Suffredin- An Advocate for All of Us  
 

Accountability
Forest Preserves
Public Safety
Cook County Budget
Forest Pres. Budget
Property Tax Appeal
Health & Hospitals
Land Bank Authority
Policy Resolutions
Unsung Heroine

 

   
 
   
   
 
   
     
  Office phone numbers:  
   
 
 

The Cook County Code of Ordinances are the current laws of Cook County.

   
 

Search current and proposed Cook County Legislation in Larry's exclusive legislative library.

   
  The Cook County Forest Preserve District maintains over 70 miles of bicycle trails.
   
     
     
     



Kadner: Debt and taxes grow, Cook County treasurer reports

Wednesday, May 02, 2012
Daily Southtown
by Phil Kadner

Cook County Treasurer Maria Pappas believes that if people find out how local governments are spending their tax money they will do something about it.

So Pappas has accumulated an impressive amount of financial data on 489 of the 553 government bodies that collect property tax revenue in Cook County and placed it on a website, www.cookcountypropertyinfo.com.

Pappas said the total debt of local governments in Cook County has reached $140 billion ($35,774 per suburban household).

This isn’t money that Cook County government is spending or owes. These are local taxing bodies such as school districts, municipalities, park districts, library districts, fire protection districts, etc.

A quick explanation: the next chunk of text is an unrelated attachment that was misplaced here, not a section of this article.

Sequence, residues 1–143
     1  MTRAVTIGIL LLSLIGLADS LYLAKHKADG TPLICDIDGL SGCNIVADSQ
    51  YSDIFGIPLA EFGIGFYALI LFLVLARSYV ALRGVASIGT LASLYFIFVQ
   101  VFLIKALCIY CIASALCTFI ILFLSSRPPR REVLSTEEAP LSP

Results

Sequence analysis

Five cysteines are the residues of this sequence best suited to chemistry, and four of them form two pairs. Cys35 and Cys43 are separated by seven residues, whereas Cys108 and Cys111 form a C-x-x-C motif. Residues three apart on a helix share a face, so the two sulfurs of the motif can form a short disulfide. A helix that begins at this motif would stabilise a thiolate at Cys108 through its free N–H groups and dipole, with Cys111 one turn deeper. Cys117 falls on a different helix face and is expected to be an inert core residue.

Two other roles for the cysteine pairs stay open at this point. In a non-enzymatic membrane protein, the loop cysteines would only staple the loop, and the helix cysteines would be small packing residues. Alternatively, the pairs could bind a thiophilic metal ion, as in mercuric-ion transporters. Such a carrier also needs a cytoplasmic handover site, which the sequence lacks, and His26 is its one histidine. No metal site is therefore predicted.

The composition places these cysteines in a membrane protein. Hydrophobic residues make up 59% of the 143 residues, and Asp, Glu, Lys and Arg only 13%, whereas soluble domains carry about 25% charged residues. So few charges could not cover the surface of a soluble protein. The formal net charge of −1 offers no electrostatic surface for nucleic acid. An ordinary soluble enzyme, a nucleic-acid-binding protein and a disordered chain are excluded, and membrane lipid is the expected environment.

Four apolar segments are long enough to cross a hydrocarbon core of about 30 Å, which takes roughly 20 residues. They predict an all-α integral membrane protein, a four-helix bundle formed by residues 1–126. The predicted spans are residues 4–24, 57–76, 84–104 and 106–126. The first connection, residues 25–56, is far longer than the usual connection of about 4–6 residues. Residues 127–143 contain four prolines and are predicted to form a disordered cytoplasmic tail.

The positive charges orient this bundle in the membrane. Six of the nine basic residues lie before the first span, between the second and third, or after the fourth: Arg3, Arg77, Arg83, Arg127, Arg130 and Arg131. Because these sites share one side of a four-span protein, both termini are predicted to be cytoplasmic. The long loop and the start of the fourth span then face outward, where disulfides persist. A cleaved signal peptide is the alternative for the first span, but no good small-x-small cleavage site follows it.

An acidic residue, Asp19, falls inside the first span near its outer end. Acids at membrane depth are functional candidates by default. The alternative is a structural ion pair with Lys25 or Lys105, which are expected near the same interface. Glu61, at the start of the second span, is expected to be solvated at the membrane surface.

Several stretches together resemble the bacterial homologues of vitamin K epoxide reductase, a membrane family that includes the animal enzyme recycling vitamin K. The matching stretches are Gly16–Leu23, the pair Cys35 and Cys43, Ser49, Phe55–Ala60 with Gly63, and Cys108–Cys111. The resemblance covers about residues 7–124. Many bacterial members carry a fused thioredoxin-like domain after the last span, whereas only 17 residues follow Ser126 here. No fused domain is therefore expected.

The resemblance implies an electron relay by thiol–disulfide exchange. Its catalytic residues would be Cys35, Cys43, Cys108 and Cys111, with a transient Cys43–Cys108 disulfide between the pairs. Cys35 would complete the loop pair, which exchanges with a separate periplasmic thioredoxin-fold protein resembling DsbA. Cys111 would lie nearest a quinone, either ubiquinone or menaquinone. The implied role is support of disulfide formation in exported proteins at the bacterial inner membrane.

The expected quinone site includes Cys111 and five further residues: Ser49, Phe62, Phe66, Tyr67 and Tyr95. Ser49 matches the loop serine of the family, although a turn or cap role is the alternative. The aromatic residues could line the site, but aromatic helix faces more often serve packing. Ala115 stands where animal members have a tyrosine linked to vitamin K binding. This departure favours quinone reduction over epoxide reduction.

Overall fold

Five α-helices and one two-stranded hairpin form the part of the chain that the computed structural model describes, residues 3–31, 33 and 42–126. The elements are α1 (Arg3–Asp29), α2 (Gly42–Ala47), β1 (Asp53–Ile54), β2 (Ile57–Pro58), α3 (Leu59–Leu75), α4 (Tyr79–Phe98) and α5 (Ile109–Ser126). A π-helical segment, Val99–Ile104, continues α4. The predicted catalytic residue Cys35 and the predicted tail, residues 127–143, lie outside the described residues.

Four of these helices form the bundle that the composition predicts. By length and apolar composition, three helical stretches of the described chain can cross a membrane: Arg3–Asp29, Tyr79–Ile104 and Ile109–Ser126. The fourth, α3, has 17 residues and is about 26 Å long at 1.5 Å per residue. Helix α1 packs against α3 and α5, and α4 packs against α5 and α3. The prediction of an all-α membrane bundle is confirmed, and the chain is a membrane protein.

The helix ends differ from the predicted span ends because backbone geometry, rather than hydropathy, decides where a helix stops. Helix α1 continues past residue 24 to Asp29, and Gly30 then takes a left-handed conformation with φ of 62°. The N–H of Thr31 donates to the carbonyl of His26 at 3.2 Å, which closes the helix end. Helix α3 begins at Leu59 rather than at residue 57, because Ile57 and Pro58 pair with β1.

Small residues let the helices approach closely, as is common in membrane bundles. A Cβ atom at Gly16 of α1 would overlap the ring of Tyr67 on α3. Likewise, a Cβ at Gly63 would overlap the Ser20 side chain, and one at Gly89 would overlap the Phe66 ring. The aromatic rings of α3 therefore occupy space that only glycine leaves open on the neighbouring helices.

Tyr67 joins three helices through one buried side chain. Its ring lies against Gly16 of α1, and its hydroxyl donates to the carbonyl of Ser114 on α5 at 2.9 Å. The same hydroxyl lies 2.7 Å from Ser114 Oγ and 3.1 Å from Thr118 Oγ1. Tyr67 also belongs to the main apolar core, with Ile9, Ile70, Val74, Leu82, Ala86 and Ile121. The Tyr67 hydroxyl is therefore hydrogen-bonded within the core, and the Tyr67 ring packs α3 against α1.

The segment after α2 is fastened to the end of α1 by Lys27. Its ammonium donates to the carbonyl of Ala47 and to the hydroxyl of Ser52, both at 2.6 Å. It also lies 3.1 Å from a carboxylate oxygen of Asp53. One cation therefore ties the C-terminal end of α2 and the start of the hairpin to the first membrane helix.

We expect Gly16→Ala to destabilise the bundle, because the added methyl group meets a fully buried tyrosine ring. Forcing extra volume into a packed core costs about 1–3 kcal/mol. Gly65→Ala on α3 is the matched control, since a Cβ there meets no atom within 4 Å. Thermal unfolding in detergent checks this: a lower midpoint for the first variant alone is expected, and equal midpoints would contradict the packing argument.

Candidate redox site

Pappas contends that while world attention is focused on the economic crisis in Greece, national attention is focused on the Great Recession and major media expose Illinois’ massive debt, no one is looking at the local picture.

“This is the first time anyone has put all this information together, where the average person can access it and find out just what kind of financial shape their local governments are in,” Pappas said of her office’s debt disclosure report.

“Every single person (in Cook County) has 14 to 20 government agencies they’re paying property taxes to, and now they can see just what kind of financial condition they (agencies) are in. It’s the sort of information I would want if I were looking at buying a home somewhere. It’s the sort of information I would want if I lived in a community.”

By typing your property index number (located on your tax bill) into a web link, you can find this financial information that affects you.

Pappas notes in her report that Illinois has 6,994 units of local government, far more than any other state. That’s 2,000 more than in Pennsylvania, which ranks second in the country with 4,871 units of government, she said.

Pappas makes a valiant attempt at explaining the county’s property tax system, which confounds most homeowners.